A year ago, hardly anyone in Atlanta had heard of Acadia Homes & Neighborhoods, a builder that had started up in late 2010.
But when it closed the books on 2011, its first full year in business, Acadia had sold 72 homes in one of the worst housing markets in the country, and closed 53, generating more than $17 million in revenue. This year, the company, which is currently building in 13 Atlanta-area communities, is shooting for 188 unit sales and 160 closings.
What happened that so quickly turned around Acadia’s fortunes? Sam Bass, its vice president of sales and marketing, credits a more focused promotional and selling approach.
When Bass joined Acadia in April 2011, one of the first things he noticed was that its signage was “amiss,” meaning that it wasn’t effective at directing customers to Acadia’s houses. The company at the time also employed three different real estate brokers who also weren’t performing to the company’s satisfaction.
Bass brought Acadia’s brokerage duties in-house. (He currently has 15 agents in the field.) And he created signage with a single color scheme and look to support all of Acadia’s neighborhoods. Bass says Acadia is also getting its message out through multiple listing services, Atlanta’s home directory (for lead generation), and TV informercials that the builder runs twice a month in different markets.
Bass has been in the housing business for 26 years. Like many newly created home building enterprises, Acadia started out with a seasoned team. Its president and CEO, Gregg Goldenberg, has been in the business 19 years, 10 of which were with Morrison Homes. Its vice president of construction, Jon Roby, has been building homes since 1971, including stints with Pulte and McCar Homes. Roby also started Whitehall Construction in 1997.
But Atlanta probably wouldn’t be the first choice of many builders looking to start over. Once the country’s largest housing markets, this metro area has seen better days. Its 9.4% unemployment rate exceeds the national average by more than a percentage point, and one in every four jobs lost during the recession was in real estate. The mass influx of new residents that Atlanta had become accustomed to in the first half of the last decade has now slowed to a trickle. And the market has one of the country’s worst foreclosure problems: the Federal Reserve recently reported that Atlanta has the highest number of government-foreclosed properties for sale of any big city.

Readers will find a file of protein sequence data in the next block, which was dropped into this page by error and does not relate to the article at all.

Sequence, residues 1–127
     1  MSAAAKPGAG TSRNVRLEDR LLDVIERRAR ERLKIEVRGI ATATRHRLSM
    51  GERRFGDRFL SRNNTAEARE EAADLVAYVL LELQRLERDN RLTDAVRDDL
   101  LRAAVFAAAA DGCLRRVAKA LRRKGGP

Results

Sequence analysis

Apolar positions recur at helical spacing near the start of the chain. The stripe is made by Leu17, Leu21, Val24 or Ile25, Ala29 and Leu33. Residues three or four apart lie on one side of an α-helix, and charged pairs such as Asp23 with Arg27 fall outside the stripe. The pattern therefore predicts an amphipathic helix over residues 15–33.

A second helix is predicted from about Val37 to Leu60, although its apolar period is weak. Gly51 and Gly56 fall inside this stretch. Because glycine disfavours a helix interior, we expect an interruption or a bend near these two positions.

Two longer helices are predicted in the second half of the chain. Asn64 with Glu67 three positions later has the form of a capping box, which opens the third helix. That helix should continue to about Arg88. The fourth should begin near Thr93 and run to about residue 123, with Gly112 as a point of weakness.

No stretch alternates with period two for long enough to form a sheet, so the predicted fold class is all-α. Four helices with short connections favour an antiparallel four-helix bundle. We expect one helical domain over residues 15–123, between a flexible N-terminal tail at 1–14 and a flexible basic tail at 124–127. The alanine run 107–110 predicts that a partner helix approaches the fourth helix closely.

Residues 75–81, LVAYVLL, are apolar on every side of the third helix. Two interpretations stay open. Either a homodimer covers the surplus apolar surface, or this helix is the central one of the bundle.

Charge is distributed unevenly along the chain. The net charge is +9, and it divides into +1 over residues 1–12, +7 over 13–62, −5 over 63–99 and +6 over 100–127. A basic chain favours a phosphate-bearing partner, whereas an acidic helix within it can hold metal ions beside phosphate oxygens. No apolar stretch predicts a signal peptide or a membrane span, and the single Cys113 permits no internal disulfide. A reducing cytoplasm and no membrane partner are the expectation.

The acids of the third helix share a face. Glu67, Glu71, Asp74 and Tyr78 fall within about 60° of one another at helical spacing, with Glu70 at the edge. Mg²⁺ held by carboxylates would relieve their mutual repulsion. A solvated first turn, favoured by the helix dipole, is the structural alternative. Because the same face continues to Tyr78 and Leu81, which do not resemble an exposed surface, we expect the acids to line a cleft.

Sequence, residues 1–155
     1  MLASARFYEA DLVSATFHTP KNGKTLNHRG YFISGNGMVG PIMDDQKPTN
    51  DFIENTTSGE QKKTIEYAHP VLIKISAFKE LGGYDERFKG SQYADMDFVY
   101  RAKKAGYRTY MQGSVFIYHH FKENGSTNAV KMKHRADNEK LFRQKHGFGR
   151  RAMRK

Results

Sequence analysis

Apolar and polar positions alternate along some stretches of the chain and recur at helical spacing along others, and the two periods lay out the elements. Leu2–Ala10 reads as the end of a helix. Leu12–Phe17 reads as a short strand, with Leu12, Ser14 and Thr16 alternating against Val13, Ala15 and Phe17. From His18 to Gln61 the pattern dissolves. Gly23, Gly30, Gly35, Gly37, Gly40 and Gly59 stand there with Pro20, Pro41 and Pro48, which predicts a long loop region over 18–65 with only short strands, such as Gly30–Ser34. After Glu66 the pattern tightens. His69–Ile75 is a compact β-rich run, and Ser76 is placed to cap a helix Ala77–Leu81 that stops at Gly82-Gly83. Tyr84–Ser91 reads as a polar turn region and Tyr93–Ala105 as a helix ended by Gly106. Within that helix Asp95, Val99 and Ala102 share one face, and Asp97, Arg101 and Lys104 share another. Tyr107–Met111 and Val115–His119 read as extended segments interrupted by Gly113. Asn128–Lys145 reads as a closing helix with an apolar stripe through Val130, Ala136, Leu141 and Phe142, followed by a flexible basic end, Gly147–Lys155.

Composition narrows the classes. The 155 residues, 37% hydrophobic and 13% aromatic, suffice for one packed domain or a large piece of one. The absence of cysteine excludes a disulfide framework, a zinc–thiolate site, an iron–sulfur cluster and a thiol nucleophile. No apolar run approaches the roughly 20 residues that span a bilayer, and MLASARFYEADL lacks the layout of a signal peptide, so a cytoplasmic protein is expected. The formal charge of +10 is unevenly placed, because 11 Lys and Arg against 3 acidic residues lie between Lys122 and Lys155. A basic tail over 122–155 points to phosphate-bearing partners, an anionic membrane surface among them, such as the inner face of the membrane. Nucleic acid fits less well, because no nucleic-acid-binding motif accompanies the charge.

Builder was unable to determine where Acadia Homes derives its financing. But its investors—who include Goldenberg—saw an opportunity in Atlanta’s anemia, explains Bass. Acadia has been able to pick up finished lots at vastly reduced prices. (Other Atlanta-area builders that Builder has interviewed recently say finished lots are being offered there for $15,000 to $20,000.) Acadia has also jumped on the chance to complete broken projects it has acquired from banks.
One of those projects has been Wellstone, an active-adult community in Cumming, Ga. When Acadia took over this project, only six of its planned 96 condominiums had been completed and 15 started, and there hadn’t been much work done there for a while. Between May and December of last year, Acadia sold 14 homes in this community, and it currently has 67 more units to build out.
Wellstone’s condos range from 1,532 square feet to 1,866 square feet and are priced from $239,900 to $349,900. Acadia is also building single-family homes as large as 4,000 square feet, and urban-infill townhouses that start in the $180s. Bass says his company’s average selling price last year was around $330,000, and he is quick to point out that its homes are “feature rich,” with granite countertops, open floor plans, hardwood flooring, and abundant trim. The builder’s Reserve at City Park infill community recently won two OBIE awards for “Best Interior Model Merchandising Attached Model $299,999 and under” from the Atlanta Sales and Marketing Council.
When Acadia’s management team began mapping its growth for this year, Bass says it was careful not to be overly optimistic. “We kept our projections to no more than two sales per month per neighborhood, and in some one sale.” So far, the company has stayed away from building in Atlanta’s heavily populated south and east quadrants, which right now are havens for short sales. But, Bass states, Acadia has its eye on those markets for expansion eventually. “We already own land there.”
John Caulfield is senior editor for Builder magazine.
Learn more about markets featured in this article: Atlanta, GA.